Relationship Podcast Episodes
Enjoy this featured relationship podcast episode. Scroll down for more.
When you first meet someone special, it’s common to feel overwhelmed by your desire for them. It’s possible to fantasize a whole life with someone before we’ve ever even spoken to them! Often, our response to this attraction is, “This is the one!” But the problem with this type of desire is the danger of being caught up in romantic fantasies.
Belonging is a basic human need. Any rejection we experience tends to create a normal sense of discomfort. When rejection triggers a deeper feeling of pain, it may come from a belief that we are worthless or unlovable. We may also feel an emotional intensity that is greater than the situation calls for. But even in the midst of an intense reaction, we can learn how to handle rejection and find our way back to emotional balance.
In this episode we’re sharing an excerpt from the audiobook “Stop Overreacting: Effective Strategies for Calming Your Emotions” written by marriage and family therapist Judith Siegel. Stop Overreacting helps you identify your emotional triggers and neutralize overwhelming emotions—choosing healthy responses instead of losing control.
We know that good self-esteem can help us have a better, more fulfilling life. But if you’re exhausted from the pursuit of high self-esteem, clinical psychologist Dr. Christina Hibbert says may be time to consider something more holistic, gentle and effective.
Today we’re sharing an excerpt from Dr. Christina Hibbert’s audiobook “Who Am I Without You? 52 Ways to Rebuild Self-Esteem After A Breakup.” While this audiobook is full of tips for anyone struggling with the end of a relationship, it’s equally valuable for anyone looking for a life with more energy, gratitude, and focus.
In this episode, Dr. Hibbert speaks from her experience with many clients who have tried and failed to improve their lives by working on their self-esteem. Instead, she suggests re-framing our concept of ourselves—and it begins with acceptance, rather than striving.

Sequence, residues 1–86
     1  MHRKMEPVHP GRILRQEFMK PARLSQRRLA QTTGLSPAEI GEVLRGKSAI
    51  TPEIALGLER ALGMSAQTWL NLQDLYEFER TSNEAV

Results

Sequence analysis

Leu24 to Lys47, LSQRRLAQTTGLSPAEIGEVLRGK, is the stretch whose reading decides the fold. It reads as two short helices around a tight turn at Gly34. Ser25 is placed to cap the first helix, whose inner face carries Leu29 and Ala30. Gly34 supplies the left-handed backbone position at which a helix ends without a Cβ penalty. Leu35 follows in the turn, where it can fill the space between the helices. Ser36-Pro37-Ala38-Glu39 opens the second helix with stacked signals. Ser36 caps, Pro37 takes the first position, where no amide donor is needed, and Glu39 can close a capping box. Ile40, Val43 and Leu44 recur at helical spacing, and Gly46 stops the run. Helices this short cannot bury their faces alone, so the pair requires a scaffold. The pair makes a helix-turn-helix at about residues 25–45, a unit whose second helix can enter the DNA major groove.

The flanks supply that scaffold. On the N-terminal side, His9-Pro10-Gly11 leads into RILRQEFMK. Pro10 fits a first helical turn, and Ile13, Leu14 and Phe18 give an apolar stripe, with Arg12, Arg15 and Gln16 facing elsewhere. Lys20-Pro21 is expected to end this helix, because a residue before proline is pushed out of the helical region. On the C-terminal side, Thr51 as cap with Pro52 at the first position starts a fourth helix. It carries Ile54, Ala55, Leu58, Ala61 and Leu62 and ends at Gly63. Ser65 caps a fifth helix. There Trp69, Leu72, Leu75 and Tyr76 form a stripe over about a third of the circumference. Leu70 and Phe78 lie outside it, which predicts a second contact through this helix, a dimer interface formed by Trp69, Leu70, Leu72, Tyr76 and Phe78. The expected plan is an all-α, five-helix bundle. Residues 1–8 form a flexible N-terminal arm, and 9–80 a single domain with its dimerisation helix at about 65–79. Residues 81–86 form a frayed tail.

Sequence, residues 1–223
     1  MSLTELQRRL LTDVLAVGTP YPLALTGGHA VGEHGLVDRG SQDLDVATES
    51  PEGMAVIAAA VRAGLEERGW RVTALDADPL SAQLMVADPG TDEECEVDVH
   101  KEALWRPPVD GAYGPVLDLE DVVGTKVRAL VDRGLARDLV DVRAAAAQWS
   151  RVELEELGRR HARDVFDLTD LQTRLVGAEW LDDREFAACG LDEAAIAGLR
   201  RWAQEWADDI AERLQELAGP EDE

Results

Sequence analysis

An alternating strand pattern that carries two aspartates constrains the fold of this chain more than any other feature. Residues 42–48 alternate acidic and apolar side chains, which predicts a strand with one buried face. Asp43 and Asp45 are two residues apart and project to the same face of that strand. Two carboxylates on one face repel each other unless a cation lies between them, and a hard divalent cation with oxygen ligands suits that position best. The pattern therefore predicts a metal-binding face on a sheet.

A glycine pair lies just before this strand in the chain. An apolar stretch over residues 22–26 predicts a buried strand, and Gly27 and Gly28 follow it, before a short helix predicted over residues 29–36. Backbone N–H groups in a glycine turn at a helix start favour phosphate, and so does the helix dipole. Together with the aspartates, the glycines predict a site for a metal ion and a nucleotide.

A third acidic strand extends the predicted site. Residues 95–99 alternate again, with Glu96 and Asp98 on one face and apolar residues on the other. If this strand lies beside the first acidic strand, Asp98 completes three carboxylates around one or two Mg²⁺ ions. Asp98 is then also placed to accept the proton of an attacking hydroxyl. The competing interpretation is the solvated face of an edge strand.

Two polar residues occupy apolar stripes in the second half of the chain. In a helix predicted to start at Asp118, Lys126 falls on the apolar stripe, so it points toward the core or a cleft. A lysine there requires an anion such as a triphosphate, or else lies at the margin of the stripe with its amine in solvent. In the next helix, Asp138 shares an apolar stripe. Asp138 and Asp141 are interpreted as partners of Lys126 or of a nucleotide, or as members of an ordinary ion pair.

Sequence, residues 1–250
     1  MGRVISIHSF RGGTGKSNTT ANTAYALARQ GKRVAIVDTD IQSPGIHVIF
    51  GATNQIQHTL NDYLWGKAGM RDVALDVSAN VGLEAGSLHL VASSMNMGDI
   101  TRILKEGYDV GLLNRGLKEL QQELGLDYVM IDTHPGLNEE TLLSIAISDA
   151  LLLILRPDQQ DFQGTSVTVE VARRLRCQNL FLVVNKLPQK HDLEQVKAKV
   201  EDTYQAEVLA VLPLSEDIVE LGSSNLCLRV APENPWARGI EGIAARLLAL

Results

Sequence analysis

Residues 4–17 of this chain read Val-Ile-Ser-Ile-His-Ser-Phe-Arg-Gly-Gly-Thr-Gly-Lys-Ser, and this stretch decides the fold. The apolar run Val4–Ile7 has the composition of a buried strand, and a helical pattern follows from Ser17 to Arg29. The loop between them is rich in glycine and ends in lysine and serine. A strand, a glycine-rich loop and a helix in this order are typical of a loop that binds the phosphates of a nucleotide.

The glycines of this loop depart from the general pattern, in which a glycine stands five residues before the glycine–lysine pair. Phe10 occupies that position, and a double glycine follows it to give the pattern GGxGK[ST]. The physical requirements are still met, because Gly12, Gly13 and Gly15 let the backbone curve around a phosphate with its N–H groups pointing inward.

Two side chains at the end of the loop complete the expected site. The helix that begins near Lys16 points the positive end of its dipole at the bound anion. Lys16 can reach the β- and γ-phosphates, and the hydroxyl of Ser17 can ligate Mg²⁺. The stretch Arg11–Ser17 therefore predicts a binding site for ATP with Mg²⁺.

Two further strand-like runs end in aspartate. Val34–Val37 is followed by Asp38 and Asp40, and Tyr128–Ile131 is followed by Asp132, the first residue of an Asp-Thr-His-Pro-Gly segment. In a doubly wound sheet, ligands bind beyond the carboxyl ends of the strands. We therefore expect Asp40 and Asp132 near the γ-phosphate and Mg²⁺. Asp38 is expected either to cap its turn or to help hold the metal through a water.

We all know that men and women think differently. When women don’t understand how the male mind works, it can lead to frustration, misunderstandings and difficult relationships. Today psychologist Shawn Smith, author of the audiobook “The Woman’s Guide to How Men Think,” offers insights into male psychology, and some practical tips for women to help them better understand and connect with the men they love.
We all know the gnawing feeling of needing to have a difficult conversation with someone. While the conversation could improve things in the long term, in the short term our fear can win out and cause us to avoid it. The good news is that there are simple skills that can help us learn how to have difficult conversations.
Today we’re sharing an excerpt from the audiobook “The Assertiveness Guide for Women: How to Communicate Your Needs, Set Healthy Boundaries, and Transform Your Relationships” by psychotherapist Julie de Azevedo Hanks.
If you’ve ever been bothered by a friend, coworker, child or partner, but found yourself uncertain about how to have a difficult conversation with that person, you’ll appreciate these concrete steps. You’ll learn how to create a situation where your message, intent, mind, and heart will be heard and respected by another person. You can feel comfortable having even the most challenging conversations!
Being kind to yourself and opening your heart to others are two important aspects of mindfulness-based stress reduction (MBSR), a clinically proven program developed by Jon Kabat-Zinn. Simple mindfulness practices can enhance the experience of connection we feel with ourselves and with others. In this episode, Drs. Elisha Goldstein and Bob Stahl discuss the power of small acts of kindness and generosity — for ourselves and for others. The best place to start practicing these simple mindfulness practices may be with yourself!
Dr. Randy Paterson shares a darkly funny technique from his tongue-in-cheek audiobook for feeling inferior to everyone around you. You’ll learn just what to do if you want to be miserable in social situations, and, just maybe—some ways to be comfortable and confident.